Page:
Friday, January 05, 2007

Let's try again on comprehensive immigration reform

The following is an excerpt from the recent editorial "Let's try again on comprehensive immigration reform" published by the Mercury News:
Path to legal status

Serious immigration reform has to include a way for many of the estimated 12 million illegal immigrants to become legal residents. Critics decry this as amnesty for lawbreakers, but there is no practical way around it. Authorities can't find and deport 12 million people. The Kennedy-McCain bill divided illegal immigrants into three groups based on how long they've been here, with different rules for each. Rep. Zoe Lofgren of San Jose, incoming chair of the House immigration, border security and claims subcommittee, thinks that approach is too complicated.

``We do have to pass something a brain-dead bureaucracy can work with,'' she said. A better strategy would be to sort immigrants based on how much they contribute to the economy and society: length of employment, payment of taxes, special skills and family ties to legal residents. Communities would benefit from offering legal residency to those with the strongest ties and the most to offer.

People who entered the country illegally should face penalties. But deportation -- especially breaking up families -- isn't good for them or for society. Fines would be more effective. To reward those who did follow the rules, that money could be used to clear the backlog of applications from legal immigrants who clearly qualify for permanent residency or citizenship.

For a link to the full editorial, click HERE.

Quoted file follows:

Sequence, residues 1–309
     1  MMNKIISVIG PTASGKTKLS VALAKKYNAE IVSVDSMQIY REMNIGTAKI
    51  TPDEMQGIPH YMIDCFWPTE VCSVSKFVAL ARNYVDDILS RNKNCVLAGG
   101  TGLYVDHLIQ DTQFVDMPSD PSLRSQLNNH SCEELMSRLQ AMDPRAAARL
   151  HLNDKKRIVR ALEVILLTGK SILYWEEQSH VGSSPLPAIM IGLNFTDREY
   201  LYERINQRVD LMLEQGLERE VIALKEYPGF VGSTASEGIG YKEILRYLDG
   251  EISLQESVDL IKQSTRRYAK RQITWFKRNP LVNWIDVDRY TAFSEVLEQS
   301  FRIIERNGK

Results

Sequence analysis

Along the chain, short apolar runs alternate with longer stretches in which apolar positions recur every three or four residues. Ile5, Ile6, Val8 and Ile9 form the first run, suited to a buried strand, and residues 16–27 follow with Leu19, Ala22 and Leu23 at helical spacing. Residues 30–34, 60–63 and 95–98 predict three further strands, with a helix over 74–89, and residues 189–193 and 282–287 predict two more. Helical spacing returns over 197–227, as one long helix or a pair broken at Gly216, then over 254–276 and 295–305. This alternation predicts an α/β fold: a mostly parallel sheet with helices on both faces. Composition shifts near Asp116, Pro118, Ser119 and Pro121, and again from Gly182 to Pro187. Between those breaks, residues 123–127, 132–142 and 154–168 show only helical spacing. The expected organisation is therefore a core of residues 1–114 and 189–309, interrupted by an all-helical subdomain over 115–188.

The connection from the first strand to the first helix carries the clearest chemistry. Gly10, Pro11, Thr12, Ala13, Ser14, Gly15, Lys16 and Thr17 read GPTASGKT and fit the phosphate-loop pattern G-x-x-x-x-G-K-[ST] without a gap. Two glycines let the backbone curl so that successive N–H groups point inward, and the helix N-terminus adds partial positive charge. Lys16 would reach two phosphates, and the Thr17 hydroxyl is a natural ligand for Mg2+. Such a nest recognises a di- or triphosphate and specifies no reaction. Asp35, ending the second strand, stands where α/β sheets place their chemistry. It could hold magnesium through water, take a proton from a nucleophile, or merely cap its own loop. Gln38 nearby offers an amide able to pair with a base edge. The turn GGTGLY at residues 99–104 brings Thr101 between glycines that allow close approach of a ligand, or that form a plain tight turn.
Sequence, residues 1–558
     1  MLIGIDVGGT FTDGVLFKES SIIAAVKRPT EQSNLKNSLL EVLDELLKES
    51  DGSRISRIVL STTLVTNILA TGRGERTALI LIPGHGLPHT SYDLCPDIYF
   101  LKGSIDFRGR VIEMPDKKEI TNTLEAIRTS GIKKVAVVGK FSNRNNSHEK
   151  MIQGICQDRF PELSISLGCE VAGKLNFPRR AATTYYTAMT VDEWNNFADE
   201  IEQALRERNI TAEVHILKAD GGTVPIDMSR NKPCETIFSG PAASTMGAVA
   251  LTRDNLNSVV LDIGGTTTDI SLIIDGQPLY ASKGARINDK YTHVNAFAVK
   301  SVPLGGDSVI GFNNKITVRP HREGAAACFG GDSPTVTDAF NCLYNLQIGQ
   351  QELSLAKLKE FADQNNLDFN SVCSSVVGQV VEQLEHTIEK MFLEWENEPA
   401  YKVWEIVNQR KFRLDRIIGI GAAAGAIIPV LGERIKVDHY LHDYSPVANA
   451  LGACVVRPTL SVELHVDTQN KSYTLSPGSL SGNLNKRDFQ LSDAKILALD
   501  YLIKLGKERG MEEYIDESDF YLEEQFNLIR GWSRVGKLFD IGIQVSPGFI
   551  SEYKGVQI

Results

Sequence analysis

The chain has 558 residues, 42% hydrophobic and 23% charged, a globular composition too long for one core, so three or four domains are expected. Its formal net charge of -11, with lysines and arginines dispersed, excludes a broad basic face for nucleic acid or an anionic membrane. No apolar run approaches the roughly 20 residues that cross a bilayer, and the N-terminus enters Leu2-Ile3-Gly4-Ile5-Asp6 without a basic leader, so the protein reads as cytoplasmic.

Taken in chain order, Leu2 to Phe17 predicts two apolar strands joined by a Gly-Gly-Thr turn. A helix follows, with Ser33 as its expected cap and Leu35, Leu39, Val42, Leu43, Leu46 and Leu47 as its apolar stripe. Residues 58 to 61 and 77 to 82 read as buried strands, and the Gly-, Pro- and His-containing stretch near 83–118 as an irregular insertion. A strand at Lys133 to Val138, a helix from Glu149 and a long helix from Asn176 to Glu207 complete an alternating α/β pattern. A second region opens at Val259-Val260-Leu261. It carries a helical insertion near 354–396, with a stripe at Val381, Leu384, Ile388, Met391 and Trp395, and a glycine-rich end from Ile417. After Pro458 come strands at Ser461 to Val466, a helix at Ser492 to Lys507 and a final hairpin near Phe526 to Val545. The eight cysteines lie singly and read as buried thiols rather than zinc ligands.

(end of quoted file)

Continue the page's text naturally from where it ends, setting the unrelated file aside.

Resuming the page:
Pixey Chart said...

I don't understand how deportation would breakup families. Or - more specifically what is the "big deal". Doesn't prison break up familiies? If a family members commits a crime, he/she goes away (to jail) and is separated frrom his/her family. War separates families as well, but such is life.

Why not adopt a policy that if an adult is deported, then the dependants of that responsible (?) adult (children, wife, husband, elderly parents, etc) also go with him/her. This would solve the family breakup cunundrum.

Pixey Toast said...

Admitedly I think the family breakup argument is weak at best. Many events in life separate families - prison, war, illness, work, etc. A person sent to prison is separated from his/her family - that's part of the deterrent. I don't think the judge who sentenced Ken Lay to 60 years in prison, was losing any sleep think how much his wife and children were suffering from his separation. In fact, it's probably understood to be an integral part of the punishment.

And families breakup even when they are living together - it's called "divorce". Why struggle to keep a family together, when they're just going to divorce anyhow?

So when a head-of-household (as the supposedly responsible adult) gets deported, it only makes sense that his dependents (children, spouse, elderly parents, pets, etc.) join him. In this way the family is kept together.

It's true that the US has a citizenship by birth policy (as Ireland used to have), but if the 'citizen' is a minor, the child really should go with his parents. He can decide at age 18 or 21 exactly which citizenship to keep.